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Two women wearing a hijabs wait in the lobby of the Quebec Court of Appeal in Montreal, Tuesday, Nov. 26, 2019, where members of the National Council of Muslims and the Canadian Civil Liberties Association (CCLA) are challenging Quebec's Bill 21. THE CANADIAN PRESS/Graham Hughes

Graham Hughes/The Canadian Press

The Quebec Court of Appeal has rejected a request to suspend the province’s religious symbols law until a final court ruling despite agreement among the three-judge panel that the law risks causing irreparable harm to female teachers who wear veils.

In a 2-1 decision, the appeal court ruled judges must defer to the Quebec legislature, which passed the law restricting religious garments in some public service jobs, until the full case is heard at a trial scheduled for October, 2020.

The 37-page judgment, which featured all three judges weighing in with separate reasons, offered a road map for the messy legal debate ahead with four separate challenges before the courts.

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The two-judge majority found that the Quebec government’s use of the constitutional notwithstanding clause to shield the law from most avenues of legal challenge prevents them from concluding the law is constitutionally invalid at this preliminary stage. On balance, they said, the right of the legislature to pass laws outweighs the harm the law does to career aspirations of some religious people.

“It will be up to the judge on the merits of the case to adjudicate the numerous legal and constitutional issues the Act raises, in light of the evidence and arguments submitted after a full judicial debate,” Justice Robert Mainville wrote in rejecting the request. “In the meantime, the Act must be presumed constitutionally valid."

Justice Dominique Bélanger, who also rejected the injunction request, said the courts “must be deferential at this preliminary stage” when the notwithstanding clause is invoked.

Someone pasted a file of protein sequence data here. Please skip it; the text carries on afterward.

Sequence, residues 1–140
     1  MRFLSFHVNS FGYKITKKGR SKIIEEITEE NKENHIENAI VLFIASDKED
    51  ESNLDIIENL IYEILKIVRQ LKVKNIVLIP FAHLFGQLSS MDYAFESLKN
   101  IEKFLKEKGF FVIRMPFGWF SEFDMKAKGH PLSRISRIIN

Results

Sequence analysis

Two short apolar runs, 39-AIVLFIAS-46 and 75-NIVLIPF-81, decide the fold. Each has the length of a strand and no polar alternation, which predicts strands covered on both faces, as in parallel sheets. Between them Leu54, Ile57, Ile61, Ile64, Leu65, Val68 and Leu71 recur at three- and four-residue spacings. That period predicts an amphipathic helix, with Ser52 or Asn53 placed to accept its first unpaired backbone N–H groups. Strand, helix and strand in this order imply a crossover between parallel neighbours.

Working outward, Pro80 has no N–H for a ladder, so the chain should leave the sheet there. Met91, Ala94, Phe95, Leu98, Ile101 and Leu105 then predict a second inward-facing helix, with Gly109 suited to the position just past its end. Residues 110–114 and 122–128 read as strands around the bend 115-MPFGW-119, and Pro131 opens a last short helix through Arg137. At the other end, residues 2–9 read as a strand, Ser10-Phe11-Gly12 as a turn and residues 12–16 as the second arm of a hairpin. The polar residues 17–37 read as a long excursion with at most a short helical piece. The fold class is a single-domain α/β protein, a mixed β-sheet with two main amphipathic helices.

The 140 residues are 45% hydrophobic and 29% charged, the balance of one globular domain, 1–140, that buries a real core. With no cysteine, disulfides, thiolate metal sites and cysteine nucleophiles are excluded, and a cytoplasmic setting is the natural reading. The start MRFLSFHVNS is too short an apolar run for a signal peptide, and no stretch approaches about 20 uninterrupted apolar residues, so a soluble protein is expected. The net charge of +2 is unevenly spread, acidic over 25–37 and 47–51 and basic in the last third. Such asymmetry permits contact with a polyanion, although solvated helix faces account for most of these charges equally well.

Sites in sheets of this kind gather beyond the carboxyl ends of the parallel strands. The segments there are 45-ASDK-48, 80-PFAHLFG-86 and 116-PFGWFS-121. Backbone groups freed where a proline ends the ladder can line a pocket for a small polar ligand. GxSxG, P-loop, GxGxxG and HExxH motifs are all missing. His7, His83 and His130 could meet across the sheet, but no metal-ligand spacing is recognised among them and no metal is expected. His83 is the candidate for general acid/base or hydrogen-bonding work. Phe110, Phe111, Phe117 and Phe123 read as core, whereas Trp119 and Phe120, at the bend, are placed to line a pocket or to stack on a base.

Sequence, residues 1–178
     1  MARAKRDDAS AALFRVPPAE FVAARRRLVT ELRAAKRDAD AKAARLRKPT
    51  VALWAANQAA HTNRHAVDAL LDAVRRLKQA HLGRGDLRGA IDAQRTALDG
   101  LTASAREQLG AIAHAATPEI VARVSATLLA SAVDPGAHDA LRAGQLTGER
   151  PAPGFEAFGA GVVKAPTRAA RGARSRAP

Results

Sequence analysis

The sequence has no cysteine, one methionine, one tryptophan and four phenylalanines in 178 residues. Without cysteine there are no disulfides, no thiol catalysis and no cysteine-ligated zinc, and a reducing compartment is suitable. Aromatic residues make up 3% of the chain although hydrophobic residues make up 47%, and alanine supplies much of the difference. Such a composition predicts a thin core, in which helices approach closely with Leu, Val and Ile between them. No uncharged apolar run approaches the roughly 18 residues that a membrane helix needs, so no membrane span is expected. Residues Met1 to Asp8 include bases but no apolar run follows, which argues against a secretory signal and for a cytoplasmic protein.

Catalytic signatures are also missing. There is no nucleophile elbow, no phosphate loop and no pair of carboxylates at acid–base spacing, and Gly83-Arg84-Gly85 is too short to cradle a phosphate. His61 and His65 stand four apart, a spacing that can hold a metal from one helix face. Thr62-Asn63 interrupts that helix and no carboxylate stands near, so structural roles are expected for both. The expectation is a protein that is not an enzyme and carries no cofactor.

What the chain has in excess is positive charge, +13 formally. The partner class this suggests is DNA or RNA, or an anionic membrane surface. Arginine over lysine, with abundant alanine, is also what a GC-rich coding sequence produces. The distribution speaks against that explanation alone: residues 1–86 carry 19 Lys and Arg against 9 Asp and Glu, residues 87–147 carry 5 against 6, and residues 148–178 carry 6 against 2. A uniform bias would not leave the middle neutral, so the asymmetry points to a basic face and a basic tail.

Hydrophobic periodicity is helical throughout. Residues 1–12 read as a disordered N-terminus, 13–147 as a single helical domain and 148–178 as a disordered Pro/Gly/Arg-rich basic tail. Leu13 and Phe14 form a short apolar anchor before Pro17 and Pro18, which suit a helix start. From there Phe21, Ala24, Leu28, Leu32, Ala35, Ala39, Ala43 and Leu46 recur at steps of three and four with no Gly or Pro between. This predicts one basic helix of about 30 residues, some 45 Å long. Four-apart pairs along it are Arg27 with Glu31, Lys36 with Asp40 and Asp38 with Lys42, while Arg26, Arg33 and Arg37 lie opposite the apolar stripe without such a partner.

“I acknowledge, however, that it may seem counterintuitive to ask the courts to set aside certain fundamental rights whose respect they have worked for decades to ensure,” she wrote. “At this stage of the case, the courts must abandon to their fate women graduates who are willing to work and who, for the sole reason that they wear the veil, have been denied access to a job for which they hold all the skills.”

Both judges also said they needed more evidence that the law targets women before they could set it aside.

Aspiring teacher Ichrak Nourel Hak, backed by the National Council of Canadian Muslims and the Canadian Civil Liberties Association, launched a court challenge and requested the injunction to suspend the law the day after Bill 21 passed June 16. Quebec Superior Court rejected the request in July.

Among other measures, the law bans teachers, police officers, prosecutors and other public servants the government considers authority figures from wearing religious symbols. The plaintiffs in the various lawsuits are mostly Muslim female teachers.

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The plaintiffs argued the law infringes on gender equality rights guaranteed under section 28 of the Canadian Charter of Rights and Freedoms – rights that can’t be abridged using the notwithstanding clause.

Chief Justice Nicole Duval Hesler was alone in finding in their favour. In her dissenting opinion, the judge said the application of the notwithstanding clause “is doubtful” and that fundamental rights should be prioritized while the case is fully adjudicated.

“The public’s interest in seeing to it that female teachers are immediately targeted by the legislative measure is not greater than the interest of the group of female teachers in question,” Justice Duval Hesler wrote.

Leaders for the two organizations behind the court challenge expressed disappointment with the ruling. Mustafa Farooq, executive director of the National Council of Canadian Muslims, said his team is "reviewing our options now.”

Noa Mendelsohn Aviv, equality program director at the Canadian Civil Liberties Association, said they are “not done fighting this unjust law.” She described the ruling as “devastating.”

Quebec Justice Minister Sonia LeBel said she was satisfied with the decision. “We will continue to defend the constitutionality and sound foundation of the law,” she said in a statement.

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